“I don’t think [the news media] ever had a good handle on a political moment. It’s not designed for that…The algorithm is not designed for thoughtful engagement or clarity. It’s designed to make you look at it longer.” -Jon Stewart, interviewed by David Marchese in 2020 for The New York Times.
Although these words were recorded 44 years after the release of Alan J. Pakula’s All the President’s Men, they echo through the film’s runtime as its protagonists, The Washington Post journalists Bob Woodward and Carl Bernstein, are shown doggedly chasing down leads in order to tell the important story of the Watergate scandal to which no one was ready to listen.
All the President’s Men remains one of the greatest political thrillers and journalism dramas of all time, and even after 45 years, it still stands as one of the most relevant. But even as we sit here in 2021, having lived through not one but two impeachment trials in the last two years, I believe that All the President’s Men is still relevant today not because of any sort of political moment, but because of its sadly evergreen portrayal of the American media ecosystem.
When a picture isn’t worth 1,000 words
Every time I watch it, I’m reminded that All the President’s Men doesn’t actually begin with the Watergate break-in. It begins with a recording of Nixon returning from China just in time to deliver a speech in a joint session of Congress. The whole sequence is shown through the lens of a television special, with political commentators remarking on how punctual Nixon was, or how jubilant his expression appeared. In this coverage, you’d be hard pressed to call any of it journalism, and that’s because it’s not. It’s theater, meant to entertain viewers. It’s “good television,” as they say.
From its very first shot to its final montage, All the President’s Men takes aim at television and the American media. Woodward and Bernstein aren’t just battling print deadlines and tight-lipped bureaucrats. They’re constantly pressing up against the boundaries of an industry that’s been irrevocably changed by television – one where news is entertainment, everyone’s competing for eyeballs, and the ones telling the flashiest story are getting the most views. And throughout the entirety of the film, we see that the television is clearly winning.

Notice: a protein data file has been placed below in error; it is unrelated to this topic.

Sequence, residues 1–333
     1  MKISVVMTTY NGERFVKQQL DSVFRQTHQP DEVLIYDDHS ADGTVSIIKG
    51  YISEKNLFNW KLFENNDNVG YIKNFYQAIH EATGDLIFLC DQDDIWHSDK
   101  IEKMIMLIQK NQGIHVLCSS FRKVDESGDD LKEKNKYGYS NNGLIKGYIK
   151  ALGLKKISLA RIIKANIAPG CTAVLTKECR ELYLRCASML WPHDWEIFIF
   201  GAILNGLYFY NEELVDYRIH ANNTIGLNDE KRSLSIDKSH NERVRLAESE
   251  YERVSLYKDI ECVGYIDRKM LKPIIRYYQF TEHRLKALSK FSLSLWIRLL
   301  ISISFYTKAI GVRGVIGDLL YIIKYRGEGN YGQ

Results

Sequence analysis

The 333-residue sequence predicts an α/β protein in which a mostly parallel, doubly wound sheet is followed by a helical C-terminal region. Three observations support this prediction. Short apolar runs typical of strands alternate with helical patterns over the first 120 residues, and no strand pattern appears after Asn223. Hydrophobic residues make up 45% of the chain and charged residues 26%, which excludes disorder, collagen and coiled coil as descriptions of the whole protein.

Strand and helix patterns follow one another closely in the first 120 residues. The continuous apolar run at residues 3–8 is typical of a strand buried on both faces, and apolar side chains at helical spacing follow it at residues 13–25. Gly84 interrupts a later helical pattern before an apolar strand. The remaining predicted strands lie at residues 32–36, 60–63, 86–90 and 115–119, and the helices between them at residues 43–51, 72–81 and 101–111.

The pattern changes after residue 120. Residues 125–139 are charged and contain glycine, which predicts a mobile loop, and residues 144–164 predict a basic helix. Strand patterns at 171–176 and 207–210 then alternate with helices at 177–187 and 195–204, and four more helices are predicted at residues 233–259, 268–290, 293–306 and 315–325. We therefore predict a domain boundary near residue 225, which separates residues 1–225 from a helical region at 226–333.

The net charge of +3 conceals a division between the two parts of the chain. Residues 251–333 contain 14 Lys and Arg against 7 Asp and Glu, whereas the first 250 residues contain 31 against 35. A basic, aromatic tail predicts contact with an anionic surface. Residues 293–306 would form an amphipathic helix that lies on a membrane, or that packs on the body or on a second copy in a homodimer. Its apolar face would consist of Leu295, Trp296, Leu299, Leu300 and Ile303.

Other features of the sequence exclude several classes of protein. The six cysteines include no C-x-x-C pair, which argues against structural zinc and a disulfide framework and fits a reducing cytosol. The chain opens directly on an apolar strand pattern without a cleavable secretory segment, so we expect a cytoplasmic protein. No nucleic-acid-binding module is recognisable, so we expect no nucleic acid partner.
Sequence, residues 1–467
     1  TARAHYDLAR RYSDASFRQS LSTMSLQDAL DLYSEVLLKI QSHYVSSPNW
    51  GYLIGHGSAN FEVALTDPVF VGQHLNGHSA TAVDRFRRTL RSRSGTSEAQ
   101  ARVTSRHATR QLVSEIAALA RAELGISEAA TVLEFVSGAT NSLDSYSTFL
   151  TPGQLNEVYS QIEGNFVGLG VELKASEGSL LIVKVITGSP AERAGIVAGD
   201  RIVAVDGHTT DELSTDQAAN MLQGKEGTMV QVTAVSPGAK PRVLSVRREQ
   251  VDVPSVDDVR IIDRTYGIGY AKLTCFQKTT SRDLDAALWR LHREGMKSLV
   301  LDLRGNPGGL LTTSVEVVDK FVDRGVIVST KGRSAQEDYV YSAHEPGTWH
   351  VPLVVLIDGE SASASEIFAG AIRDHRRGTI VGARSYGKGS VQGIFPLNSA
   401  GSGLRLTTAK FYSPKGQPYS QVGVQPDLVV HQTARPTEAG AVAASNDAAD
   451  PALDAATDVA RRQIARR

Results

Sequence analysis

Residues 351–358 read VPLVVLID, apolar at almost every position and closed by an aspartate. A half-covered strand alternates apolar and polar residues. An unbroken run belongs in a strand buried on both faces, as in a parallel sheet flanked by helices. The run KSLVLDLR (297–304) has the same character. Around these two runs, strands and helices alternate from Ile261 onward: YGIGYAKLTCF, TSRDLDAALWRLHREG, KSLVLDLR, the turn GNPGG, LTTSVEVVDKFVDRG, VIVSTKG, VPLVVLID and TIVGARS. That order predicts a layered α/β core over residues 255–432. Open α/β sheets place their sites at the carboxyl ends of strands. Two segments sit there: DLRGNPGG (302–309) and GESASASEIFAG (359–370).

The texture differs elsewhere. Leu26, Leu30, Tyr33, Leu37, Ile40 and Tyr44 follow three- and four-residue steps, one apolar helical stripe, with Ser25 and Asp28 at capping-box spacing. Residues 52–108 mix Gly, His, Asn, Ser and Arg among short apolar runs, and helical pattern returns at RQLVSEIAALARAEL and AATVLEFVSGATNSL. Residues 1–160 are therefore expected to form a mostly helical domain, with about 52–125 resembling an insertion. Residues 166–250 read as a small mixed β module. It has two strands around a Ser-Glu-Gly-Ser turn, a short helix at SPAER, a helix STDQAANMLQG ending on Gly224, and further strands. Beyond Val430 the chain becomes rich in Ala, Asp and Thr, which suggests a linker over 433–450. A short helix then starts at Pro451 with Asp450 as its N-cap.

Even as Woodward and Bernstein exhaust themselves knocking on doors, spending hours in the library, and calling as many people as they can so that the truth about Watergate can be told, they struggle to find someone who will listen. Their newsroom is hesitant to run their stories, government officials balk at their “Watergate obsession,” and even when their work does appear in the pages of the Post, people only see what’s on TV. News networks air the Nixon administration’s “non-denial denials” with the same weight as the allegations themselves before quickly pivoting to the more engaging news of the day.
One of the most telling scenes in the film features Bob Woodward speaking on the phone with a man who ends up giving him one of the most consequential tips of the Watergate story so far: a high-level member of the administration may have been involved with criminal activity. But while Woodward coaxes this information out of the man on the phone, the camera’s distracted. In a brilliant use of the split-diopter lens, the audience sees Woodward’s stunning revelation come at the same moment Nixon’s political opponent, George McGovern, announces he’s looking for a new running mate. The employees of the Post can’t take their eyes off the TV. No one is even thinking to look at Woodward, who’s just learned something that will end up changing the course of Nixon’s entire presidency.
And we still can’t get it right
The television changed the way that people consume news, so while it serves as the main punching bag throughout the movie, All the President’s Men remains relevant today because the media environment that cable news created still permeates our culture. Only now, the main culprit isn’t just the television, it’s the Internet, smartphones, and social media. One 2020 study from Pew Research Center indicates that more than eight in ten American adults indicate that they receive their news primarily through a smartphone, the same device with which you can play games, share photos, and regularly interact with family, friends, and memes. The television may no longer be the only purveyor of “news as entertainment,” but it created an environment in which ALL news is entertainment, and the flashiest stories get the most views. The algorithm isn’t made for thoughtful discussion or truth telling. It’s made, like television, to make us look at it longer.
One might hope that things would have changed after 45 years. One might have hoped that when the Internet came on the scene with its instant access to information, we would have gotten over the “news as entertainment” trend so that the American public could become more informed and lead the way into a thoughtful era of politics and culture. But sadly, little has changed, and for that reason, it’s sometimes difficult for me to watch All the President’s Men. It’s difficult to watch the final scene of the film, where a large television screen of Nixon’s second inauguration almost obscures the two journalists in the back, hammering away at their typewriters so that the truth could come out. It’s difficult to think about how that struggle between truth and entertainment will always be there. But there is hope. As the movie closes, a typewriter spells out the immense ramifications of Woodward and Bernstein’s efforts. A scandal is exposed. A presidency is cut short. A truth is told.
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